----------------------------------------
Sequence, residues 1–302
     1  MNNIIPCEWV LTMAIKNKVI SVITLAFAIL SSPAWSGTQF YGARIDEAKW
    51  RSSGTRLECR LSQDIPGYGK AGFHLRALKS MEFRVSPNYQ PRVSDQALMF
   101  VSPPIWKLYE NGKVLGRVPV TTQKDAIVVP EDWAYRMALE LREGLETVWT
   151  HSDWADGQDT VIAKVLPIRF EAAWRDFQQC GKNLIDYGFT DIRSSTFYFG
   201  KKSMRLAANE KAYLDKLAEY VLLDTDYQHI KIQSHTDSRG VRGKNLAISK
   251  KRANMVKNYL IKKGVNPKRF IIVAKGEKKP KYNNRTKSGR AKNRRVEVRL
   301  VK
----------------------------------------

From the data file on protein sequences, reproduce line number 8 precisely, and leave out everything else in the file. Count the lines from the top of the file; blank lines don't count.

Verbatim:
   301  VK